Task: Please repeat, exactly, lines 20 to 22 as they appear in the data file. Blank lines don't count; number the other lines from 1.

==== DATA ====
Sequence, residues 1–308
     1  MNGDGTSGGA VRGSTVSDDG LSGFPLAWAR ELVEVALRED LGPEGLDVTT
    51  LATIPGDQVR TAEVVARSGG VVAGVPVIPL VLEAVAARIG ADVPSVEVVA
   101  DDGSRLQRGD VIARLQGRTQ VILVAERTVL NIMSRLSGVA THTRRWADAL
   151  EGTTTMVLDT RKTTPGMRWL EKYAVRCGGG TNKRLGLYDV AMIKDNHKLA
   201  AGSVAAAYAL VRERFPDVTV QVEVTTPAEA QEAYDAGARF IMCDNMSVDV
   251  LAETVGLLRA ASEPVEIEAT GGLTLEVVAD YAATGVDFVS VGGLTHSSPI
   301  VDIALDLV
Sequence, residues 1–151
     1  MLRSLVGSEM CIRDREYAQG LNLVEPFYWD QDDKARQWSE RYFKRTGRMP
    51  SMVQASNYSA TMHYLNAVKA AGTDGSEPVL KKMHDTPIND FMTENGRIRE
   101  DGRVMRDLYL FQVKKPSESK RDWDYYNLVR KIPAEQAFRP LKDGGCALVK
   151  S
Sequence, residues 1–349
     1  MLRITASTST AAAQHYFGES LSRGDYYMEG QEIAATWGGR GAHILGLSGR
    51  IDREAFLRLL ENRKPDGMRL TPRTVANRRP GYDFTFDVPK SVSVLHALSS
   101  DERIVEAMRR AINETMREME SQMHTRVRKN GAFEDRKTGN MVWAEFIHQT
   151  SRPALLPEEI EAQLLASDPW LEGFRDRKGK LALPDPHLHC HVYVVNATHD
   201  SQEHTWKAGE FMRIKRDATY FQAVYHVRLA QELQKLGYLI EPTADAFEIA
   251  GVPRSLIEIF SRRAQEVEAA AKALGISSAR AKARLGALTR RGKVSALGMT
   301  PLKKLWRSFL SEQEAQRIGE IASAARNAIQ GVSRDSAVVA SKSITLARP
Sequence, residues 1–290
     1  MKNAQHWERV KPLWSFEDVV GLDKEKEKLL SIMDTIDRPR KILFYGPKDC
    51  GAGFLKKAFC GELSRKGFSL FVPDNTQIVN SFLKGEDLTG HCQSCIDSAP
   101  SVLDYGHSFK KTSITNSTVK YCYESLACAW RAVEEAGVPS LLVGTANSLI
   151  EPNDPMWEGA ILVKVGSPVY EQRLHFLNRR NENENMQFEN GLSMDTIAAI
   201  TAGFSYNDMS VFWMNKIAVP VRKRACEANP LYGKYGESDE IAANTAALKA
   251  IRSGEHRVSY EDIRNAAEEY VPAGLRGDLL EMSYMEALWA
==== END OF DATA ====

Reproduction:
   251  GVPRSLIEIF SRRAQEVEAA AKALGISSAR AKARLGALTR RGKVSALGMT
   301  PLKKLWRSFL SEQEAQRIGE IASAARNAIQ GVSRDSAVVA SKSITLARP
Sequence, residues 1–290